She added, “That is when the growth phenomenally took off…..people realized that NC State was interested, first and foremost, in helping people adjust to circumstances in a time when they may be unemployed or underemployed to develop skills that will serve them in a new career.”
Swanson’s retirement plans include moving to her beach house, exploring the country and traveling abroad. She is also working on writing a book about the historical effect of natural disasters on the United States culture and society.
When asked about the new Associate Vice Provost of Online and Distance Education Tim Petty, Swanson says, “I certainly think it has been a smooth transition, and I am confident that Tim will provide the leadership and direction to continue the accomplishments that DELTA has worked hard to achieve in the last 18 years. I am confident, too, that he will be eager to explore new avenues, new approaches, new ideas as they occur because the key requisite for this position is being able to adapt to change as technology change,” she said.
Swanson reminisced about how she took a class and developed the very first distance education website herself. When she looks at it now and how it’s a whole team of people coming together to develop it. “It is just amazing to me the way that we all work together to optimize technology as it emerges, not just wait for the finished product, but take advantage of all those interim steps where incrementally it will serve our faculty and students better.”
And as technology continues to emerge, Swanson is confident DELTA will continue to adapt and continue to solve challenges to ensure online students are receiving the very best NC State has to offer.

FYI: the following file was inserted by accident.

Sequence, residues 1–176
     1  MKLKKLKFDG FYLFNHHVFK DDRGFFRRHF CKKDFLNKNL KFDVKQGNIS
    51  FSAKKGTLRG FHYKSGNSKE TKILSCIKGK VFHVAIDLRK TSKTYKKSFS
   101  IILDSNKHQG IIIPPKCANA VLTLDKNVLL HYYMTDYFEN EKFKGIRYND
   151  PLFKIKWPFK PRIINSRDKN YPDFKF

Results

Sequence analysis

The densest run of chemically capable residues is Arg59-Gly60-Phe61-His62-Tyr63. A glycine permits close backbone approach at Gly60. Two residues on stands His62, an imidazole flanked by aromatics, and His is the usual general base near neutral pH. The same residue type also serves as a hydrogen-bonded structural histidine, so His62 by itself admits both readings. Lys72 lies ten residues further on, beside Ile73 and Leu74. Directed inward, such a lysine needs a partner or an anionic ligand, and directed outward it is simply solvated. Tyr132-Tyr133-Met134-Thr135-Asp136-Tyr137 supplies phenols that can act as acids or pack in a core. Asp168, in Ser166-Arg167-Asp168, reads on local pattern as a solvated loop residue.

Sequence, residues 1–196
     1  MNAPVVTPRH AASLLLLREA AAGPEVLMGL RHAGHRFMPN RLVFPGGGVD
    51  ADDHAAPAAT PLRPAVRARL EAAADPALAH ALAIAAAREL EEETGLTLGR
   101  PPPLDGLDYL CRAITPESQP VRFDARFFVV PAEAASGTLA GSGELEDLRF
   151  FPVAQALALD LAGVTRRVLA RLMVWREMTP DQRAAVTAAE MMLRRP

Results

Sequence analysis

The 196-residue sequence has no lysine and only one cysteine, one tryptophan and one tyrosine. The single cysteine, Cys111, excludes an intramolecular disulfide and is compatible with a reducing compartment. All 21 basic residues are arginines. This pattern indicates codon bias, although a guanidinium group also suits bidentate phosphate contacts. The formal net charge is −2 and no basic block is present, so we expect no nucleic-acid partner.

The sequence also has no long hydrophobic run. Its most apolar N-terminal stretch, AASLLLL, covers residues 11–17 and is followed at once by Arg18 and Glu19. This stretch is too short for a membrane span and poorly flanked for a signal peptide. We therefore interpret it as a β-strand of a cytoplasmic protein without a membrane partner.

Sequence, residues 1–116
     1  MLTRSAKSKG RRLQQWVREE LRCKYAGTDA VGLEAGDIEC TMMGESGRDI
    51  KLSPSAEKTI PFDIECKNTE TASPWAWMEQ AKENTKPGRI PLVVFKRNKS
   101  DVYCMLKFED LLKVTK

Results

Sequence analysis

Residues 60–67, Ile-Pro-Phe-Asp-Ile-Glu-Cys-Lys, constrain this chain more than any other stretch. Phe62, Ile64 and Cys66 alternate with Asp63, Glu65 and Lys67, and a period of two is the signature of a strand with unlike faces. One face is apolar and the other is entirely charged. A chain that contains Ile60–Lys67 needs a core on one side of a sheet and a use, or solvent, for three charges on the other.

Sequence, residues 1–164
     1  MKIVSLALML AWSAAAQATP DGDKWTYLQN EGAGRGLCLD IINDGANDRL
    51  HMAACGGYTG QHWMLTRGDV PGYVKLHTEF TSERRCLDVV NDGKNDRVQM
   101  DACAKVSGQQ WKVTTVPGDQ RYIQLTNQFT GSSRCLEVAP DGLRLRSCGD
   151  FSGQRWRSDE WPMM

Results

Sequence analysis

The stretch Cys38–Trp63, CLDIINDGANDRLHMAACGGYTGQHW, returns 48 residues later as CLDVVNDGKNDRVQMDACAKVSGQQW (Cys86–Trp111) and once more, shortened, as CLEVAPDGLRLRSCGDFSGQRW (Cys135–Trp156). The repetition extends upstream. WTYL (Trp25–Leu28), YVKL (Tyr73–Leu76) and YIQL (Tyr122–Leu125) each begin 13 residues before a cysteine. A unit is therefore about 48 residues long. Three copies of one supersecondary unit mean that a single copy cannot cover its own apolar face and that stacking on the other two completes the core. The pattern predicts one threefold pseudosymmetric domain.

DELTA held a retirement celebration for Rebecca March 20, 2018, where colleagues from across the university attended to give their well wishes. Many kind words were shared about Rebecca’s 22-year career at NC State. We thank you, Rebecca, for your many years of hard work, dedication and selflessness!
Senior Vice Provost Tom Miller said, “It’s a very emotional day for me. Rebecca Swanson has been with us every day at DELTA. She was here before DELTA. Rebecca has been an incredible force here for 22 years and DELTA wouldn’t be what it is today without her. There is no way. If you look at what we accomplished from a few hundred students that we had in the beginning to about 20,000 that we serve annually today, that is a big number. And a lot of it is due to her efforts, her diligence and her caring about the students, the faculty and her making the programs that we offer the very best that they can be. And they are! It is not just me saying that, we have statistics to back that up. If you look at the U.S. News rankings in online programs, look at the graduate programs we offer. We’re number nine in Engineering, we’re number four in Computer Science and Information Technology, we’re number 14 in MBA, 15 in graduate education programs.
Those are incredibly impressive statistics and I cannot say that one person deserves the credit for all of that but I can say that without Rebecca, with all of her effort with making sure all the i’s are dotted and all the t’s are crossed, making sure everything is taken care, we would not be here today…..She’s impacted hundreds of faculty and countless students and it’s just wonderful that we have had her here working for us all these years.”